Honeysuckle Rose Salve Recipe

Honeysuckle and Rose Salve Recipe

This salve captures the essence of two well-loved summer flowers – roses and honeysuckle.

Roses are often used in skin care recipes for their cooling and anti-inflammatory properties. Honeysuckle flowers, while better known for treating flu and viruses internally, can also be used as a skin soothing component in skin care formulations.

A touch of rose (or geranium) and jasmine (or ylang ylang) essential oils are included in this recipe, to give the salve an added boost of summer scent. Another idea is to combine sweet orange with a drop of ylang ylang for a mock orange type of scent.

If you don’t have those essential oils on hand, you can leave them out for an unscented salve, or if you’re not a fan of rose, try replacing with lavender instead.

Dab the finished salve on dry, itchy or irritated skin. (A little bit goes a long way!)

To make this salve, you’ll first need to make a honeysuckle and rose infused oil.

jar of honeysuckle and rose infused oil

How to Make Honeysuckle & Rose Infused Oil

Gather and dry rose petals and honeysuckle flowers.

(See my article, How to Harvest & Dry Flowers & Herbs from Your Garden.)

Once completely dried, fill a half-pint or other small jar about half-way with dried rose/honeysuckle. Pour in your favorite oil almost to the top and stir to release air bubbles.

Suggested oils include: sunflower, sweet almond, rice bran, olive, hemp, avocado, jojoba, etc.

You can also add some fractionated coconut oil or grapeseed oil to the mix, if you’d like the make the finished salve absorb into skin a little quicker.

For a quick oil infusion:

Set the jar down into a small saucepan filled with a few inches of water. Heat over a low burner for a few hours, keeping a close eye that the water doesn’t evaporate out.

Remove from heat and strain.

For a slower, more traditional infusion:

Cap the jar of flowers and oil and tuck away in a cabinet for around 4 to 6 weeks, shaking occasionally as you remember to. When the infusing time has passed, strain.

For a third option:

You could also set the jar of flowers and oil in a sunny windowsill for several days to a week to jump start the infusion. (Don’t store for long periods in sunlight though, as it tends to fade flowers and herbs over time.)

a tin of honeysuckle rose salve

Ingredients for Salve

  • 1.75 oz (50 g) oil infused with dried roses and honeysuckle flowers
  • 0.25 oz (7 g) shea or mango butter
  • 0.25 oz (7 g) beeswax (*or vegan option below)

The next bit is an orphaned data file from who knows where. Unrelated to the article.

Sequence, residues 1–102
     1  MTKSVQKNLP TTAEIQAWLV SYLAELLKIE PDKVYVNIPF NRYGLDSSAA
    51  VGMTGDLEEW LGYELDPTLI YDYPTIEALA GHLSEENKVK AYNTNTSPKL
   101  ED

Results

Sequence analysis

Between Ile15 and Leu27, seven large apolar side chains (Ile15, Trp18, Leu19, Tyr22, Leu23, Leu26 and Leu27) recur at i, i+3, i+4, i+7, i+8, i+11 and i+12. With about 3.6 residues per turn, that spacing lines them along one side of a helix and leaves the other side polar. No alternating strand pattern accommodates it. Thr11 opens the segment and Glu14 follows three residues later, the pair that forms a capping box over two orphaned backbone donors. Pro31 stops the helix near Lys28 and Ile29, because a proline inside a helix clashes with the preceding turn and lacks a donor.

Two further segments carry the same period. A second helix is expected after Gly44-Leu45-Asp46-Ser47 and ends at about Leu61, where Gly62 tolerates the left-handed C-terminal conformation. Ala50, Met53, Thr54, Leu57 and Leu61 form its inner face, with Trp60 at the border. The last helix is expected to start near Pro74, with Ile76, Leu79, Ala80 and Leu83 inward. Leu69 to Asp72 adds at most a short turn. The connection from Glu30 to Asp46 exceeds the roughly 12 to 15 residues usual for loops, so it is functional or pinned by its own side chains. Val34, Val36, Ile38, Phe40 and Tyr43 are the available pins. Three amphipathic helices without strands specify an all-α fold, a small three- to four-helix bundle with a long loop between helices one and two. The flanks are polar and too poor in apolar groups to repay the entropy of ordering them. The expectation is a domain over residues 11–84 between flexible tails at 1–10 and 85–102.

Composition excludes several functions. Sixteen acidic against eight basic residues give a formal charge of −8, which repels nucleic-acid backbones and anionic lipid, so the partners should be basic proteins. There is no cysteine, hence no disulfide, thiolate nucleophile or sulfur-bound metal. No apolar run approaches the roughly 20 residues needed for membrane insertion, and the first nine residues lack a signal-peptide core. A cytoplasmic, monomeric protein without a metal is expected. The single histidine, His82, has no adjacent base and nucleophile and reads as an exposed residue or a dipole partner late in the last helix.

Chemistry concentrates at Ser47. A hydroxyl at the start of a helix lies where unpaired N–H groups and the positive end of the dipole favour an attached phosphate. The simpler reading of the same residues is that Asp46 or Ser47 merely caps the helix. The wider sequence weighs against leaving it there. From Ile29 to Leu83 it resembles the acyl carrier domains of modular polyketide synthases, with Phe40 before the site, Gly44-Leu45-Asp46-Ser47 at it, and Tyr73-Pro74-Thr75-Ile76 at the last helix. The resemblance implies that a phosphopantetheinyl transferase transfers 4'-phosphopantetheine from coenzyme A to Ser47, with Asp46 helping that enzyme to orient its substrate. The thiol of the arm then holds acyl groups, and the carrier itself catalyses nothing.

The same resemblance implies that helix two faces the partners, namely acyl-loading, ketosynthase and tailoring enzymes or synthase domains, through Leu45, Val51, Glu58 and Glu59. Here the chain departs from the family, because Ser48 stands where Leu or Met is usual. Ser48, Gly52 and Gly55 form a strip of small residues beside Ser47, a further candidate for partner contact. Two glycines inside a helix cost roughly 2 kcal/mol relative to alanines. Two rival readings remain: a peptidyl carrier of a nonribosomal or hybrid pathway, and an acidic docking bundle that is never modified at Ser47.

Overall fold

• optional – a couple drops each of rose (or geranium) and jasmine (or ylang ylang) essential oils

* For a vegan version, try half as much candelilla wax instead of beeswax.

Directions for Salve

  1. Add the infused oil, shea or mango butter, and beeswax into a small canning jar or, for easier cleanup, an upcycled tin can.
  2. Set the jar into a pan containing an inch or two of water, to create a makeshift double boiler. Heat the pan over a medium-low burner until the wax is melted.
  3. Remove from heat, add the essential oil and pour into a small glass jar or tin.
  4. Dab the cooled, finished salve on dry skin spots, such as elbows, knees and feet. (A little bit goes a long way!)
  5. If the salve turns out too soft for your liking, you can melt it down and add a little more beeswax.
  6. If it’s too hard, melt it down and add more oil.
  7. Store in a cool dry spot out of direct sunlight and shelf life should be at least 9 months to a year.

PS: I started this blog post two years ago and am just now publishing it! (I’m such a procrastinator sometimes!) :)

While I thought I’d made a sheet of printable labels to share with it at the time, I can’t find them now.

However, you can create your own round labels by following the video tutorial in this blog post on making round labels for bath bombs. (Round labels for salves are just the same.)

I believe the graphics used to make the label shown came from this Vintage Floral Collection and/or this Laurels & Floral Frames Package at Creative Market.




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  1. I have honeysuckle growing outside my front door,(it’s over thirty years old)it smells amazing late afternoon and evening. Thank you for the recipe Jan, I shall try this. Could I just wilt the honeysuckle rather than drying completely (i think this was done with some dandelions for an oil)?

    1. What a wonderful plant to have growing right outside your door! I bet it smells amazing! :)
      You could wilt the honeysuckle instead of completely drying and I’ve done that in the past, but after a couple of spoiled jars of oil over the years, I’ve started favoring 100% dry plants for oil infusions.

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  3. Bought your book Simply and Natural Soapmaking made my first bath of soap ever using Palm-Free #1 Tallow/Lard Version it came out amazing many thanks for all the hard work. The recipes are wonderful. I can’t wait to try many more once again THANK-YOU

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  5. Can you use wild roses in this? They would not be the bright colors, our are white but they do have a strong rose smell, they are very small but we have them everywhere, (so free). Can I use them in other things that use roses?

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